Column: The importance of mental health in rural areas

People should be more aware of mental health; especially those in rural areas.
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Rachel Schnelle is a freshman journalism major at MU. She is an opinion columnist who writes about campus-wide issues for The Maneater.

The brain controls everything that you do. From what you eat, how you move, and to even what you think about. Since this is such a prevalent part of the human body, it is to be assumed that people would take care of the mental health of themselves and those around them. Unfortunately, this is sometimes not the case.

Studies show that 450 million people currently suffer from mental illnesses and a shocking two-thirds of that statistic do not seek treatment. A probable reason as to why this statistic is so high is because of the stigma and discrimination that surrounds mental illness and seeking treatment. Since therapy has improved so many people’s lives, it could be assumed that mental illness and treatment go hand in hand. Sadly, this is not always true and this is mostly due to the abundance or lack of resources in certain areas. This means that people who live in urban areas have easier access to therapy, while rural areas do not. Surveys show that in 2016, 18.7 percent of residents of nonmetropolitan areas suffer from mental illness. While this statistic is alarming, the fact that many people in rural areas go all their lives without some kind of treatment is even more alarming.

As someone who grew up in a rural town and struggles with mental illness, I found the topic of mental illness and suicide was often ‘glossed over.’ This is mostly because of the stance that religion has on suicides. Meaning that when there is a funeral for suicide victims, people delivering the eulogy often completely avoid the topic as a whole. It’s heartbreaking when someone commits suicide, but it’s even more so when people act like it didn’t even happen. When suicide would strike our town, we would give our condolences and drop the taboo topic. This in turn caused people who still suffer, such as myself to feel as if they couldn’t discuss their own struggles with mental illness. It wasn’t until I opened up about my personal obstacles with professionals that I realized that a lot of people in my town (including my family) suffer from depression.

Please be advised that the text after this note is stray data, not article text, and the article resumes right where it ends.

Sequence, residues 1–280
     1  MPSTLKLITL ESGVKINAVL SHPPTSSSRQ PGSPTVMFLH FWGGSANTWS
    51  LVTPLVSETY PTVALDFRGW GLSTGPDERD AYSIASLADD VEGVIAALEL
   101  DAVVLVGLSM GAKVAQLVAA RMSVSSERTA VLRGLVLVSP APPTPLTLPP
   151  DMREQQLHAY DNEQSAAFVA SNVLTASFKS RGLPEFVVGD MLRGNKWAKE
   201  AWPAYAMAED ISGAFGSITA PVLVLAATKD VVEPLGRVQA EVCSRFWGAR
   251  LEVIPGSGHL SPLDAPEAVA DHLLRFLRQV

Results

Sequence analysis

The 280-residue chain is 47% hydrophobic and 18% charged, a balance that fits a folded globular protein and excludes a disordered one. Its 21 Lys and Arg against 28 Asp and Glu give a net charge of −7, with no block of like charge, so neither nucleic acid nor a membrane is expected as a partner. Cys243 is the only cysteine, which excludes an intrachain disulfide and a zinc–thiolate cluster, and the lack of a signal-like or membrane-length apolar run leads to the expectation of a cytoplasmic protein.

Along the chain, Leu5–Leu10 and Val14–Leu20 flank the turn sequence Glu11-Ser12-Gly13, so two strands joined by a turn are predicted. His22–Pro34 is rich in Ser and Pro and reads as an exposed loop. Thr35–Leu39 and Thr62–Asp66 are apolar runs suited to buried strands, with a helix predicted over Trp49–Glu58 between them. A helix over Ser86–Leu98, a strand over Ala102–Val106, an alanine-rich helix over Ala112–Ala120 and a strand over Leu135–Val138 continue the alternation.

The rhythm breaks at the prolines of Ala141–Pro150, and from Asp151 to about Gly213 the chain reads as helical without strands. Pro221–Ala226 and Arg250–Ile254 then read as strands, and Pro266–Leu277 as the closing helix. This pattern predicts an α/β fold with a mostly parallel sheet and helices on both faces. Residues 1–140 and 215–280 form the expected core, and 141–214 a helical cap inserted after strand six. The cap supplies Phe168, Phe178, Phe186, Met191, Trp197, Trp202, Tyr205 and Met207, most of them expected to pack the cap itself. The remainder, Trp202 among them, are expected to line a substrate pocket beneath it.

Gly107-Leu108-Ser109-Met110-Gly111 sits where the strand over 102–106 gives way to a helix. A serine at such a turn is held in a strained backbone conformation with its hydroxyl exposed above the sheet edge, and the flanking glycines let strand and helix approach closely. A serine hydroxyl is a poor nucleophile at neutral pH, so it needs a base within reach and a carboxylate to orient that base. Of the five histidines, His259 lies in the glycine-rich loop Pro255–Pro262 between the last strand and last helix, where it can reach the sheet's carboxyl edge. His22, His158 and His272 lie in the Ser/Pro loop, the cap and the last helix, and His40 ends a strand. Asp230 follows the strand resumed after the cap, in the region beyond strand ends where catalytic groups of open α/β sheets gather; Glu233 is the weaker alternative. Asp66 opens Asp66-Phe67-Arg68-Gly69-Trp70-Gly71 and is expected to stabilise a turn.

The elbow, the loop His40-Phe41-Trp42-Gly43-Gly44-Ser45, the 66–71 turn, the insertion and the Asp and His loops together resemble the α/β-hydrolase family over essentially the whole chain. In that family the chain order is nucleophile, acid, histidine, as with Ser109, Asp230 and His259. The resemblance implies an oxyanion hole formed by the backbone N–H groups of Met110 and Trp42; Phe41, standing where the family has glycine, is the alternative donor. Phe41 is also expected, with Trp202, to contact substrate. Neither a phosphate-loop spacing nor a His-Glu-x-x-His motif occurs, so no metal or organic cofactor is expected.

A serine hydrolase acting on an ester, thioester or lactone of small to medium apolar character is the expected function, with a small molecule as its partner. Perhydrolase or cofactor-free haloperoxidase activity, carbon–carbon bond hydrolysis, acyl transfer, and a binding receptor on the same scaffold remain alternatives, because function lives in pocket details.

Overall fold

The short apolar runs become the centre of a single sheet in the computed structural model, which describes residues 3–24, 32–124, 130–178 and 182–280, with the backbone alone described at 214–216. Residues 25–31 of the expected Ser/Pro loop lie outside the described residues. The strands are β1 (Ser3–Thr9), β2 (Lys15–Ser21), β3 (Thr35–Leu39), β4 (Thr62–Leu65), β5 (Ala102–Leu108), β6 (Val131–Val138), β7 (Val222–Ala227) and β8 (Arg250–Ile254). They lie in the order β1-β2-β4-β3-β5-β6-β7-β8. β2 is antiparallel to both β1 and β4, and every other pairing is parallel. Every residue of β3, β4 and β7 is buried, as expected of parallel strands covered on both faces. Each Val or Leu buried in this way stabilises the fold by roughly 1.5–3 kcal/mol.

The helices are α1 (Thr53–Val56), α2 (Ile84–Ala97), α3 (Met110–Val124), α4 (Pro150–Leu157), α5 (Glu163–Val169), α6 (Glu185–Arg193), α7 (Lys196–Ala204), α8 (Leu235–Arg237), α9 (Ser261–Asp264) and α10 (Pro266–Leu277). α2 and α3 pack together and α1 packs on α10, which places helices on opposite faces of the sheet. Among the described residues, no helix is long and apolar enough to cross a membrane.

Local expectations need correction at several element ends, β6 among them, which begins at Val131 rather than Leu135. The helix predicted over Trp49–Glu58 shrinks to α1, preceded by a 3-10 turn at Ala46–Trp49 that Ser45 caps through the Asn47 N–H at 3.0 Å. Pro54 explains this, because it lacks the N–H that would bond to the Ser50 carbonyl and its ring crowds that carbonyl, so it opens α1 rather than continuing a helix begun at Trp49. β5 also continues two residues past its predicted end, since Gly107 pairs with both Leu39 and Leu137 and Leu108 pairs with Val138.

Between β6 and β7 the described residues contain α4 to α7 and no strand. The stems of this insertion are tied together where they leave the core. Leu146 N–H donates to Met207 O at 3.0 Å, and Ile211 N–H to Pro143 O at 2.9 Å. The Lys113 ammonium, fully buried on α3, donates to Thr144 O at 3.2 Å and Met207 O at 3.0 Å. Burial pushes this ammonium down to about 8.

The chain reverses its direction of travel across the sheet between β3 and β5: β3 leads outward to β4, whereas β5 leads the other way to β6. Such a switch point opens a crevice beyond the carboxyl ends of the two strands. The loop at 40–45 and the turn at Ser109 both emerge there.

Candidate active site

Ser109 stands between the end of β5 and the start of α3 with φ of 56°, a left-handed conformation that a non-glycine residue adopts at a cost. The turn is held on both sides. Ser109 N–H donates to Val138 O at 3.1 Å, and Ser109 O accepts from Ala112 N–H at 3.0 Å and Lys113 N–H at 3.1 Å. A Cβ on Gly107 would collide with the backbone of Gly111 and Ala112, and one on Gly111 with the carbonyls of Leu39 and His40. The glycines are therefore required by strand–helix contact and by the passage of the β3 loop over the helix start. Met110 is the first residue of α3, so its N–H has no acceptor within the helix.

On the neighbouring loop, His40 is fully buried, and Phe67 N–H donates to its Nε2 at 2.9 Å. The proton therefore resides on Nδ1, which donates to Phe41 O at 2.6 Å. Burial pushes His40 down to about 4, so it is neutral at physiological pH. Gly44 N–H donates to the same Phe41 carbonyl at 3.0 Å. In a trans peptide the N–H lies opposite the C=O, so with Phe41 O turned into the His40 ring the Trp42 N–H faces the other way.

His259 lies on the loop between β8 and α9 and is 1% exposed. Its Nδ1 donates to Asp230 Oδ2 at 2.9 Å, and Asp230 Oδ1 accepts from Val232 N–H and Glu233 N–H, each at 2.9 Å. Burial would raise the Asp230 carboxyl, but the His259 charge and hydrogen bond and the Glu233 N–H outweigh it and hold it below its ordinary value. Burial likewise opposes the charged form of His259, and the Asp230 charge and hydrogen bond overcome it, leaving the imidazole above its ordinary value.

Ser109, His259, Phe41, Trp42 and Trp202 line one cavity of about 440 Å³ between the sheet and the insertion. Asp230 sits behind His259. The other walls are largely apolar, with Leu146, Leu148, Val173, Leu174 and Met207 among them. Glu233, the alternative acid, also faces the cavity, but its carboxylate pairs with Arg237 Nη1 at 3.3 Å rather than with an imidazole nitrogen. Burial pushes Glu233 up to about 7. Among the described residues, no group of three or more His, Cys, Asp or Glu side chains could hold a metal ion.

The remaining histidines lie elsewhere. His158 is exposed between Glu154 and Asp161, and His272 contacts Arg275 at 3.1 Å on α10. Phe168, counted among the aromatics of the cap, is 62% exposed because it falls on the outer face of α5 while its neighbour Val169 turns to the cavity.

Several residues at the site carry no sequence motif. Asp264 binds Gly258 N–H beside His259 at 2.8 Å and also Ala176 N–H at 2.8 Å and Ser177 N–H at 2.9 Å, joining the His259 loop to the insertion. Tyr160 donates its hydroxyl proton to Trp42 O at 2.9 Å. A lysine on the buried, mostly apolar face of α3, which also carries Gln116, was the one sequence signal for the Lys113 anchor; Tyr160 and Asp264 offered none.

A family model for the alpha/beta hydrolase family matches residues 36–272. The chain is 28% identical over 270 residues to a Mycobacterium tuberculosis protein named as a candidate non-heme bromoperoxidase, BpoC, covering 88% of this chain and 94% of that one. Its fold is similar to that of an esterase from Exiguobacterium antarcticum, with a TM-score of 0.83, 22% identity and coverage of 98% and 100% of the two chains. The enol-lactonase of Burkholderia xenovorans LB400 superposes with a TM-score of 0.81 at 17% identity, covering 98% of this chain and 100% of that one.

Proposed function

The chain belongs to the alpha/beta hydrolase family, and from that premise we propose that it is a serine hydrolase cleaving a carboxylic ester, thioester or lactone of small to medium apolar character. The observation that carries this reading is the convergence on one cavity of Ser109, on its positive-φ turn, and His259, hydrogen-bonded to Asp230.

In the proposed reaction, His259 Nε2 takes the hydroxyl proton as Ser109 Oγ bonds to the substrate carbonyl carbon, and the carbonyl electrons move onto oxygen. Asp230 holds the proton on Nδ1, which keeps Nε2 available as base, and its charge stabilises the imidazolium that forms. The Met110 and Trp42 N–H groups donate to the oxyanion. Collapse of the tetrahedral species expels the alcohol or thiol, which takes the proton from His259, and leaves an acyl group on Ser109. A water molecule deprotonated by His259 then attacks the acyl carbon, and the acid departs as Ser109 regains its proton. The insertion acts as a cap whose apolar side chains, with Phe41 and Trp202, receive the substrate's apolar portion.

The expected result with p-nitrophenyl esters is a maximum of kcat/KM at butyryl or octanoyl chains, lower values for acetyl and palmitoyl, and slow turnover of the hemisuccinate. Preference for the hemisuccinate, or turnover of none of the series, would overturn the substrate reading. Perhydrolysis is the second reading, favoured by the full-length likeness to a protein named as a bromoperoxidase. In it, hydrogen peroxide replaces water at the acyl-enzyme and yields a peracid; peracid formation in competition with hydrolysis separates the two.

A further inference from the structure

Depression and anxiety can be incredibly daunting to talk about. Seeing that I closed myself off and didn’t talk people during my darkest days made me realize that it made my depression worse; which made me realize that talking about it helps me tremendously.

This is why it is so important to talk to those around you and make sure they’re okay, even if it doesn’t affect you personally. Society can be quick to talk about mental health when a celebrity commits suicide, but slow when it comes to helping someone they know personally. Speaking from personal experience, sometimes there is no ‘good time’ to say that you’re struggling with a mental illness. However, it should always be a discussion worth talking about. It doesn’t matter where you are from, or what has happened to you, check up on the mental health of everyone around you, including yourself.

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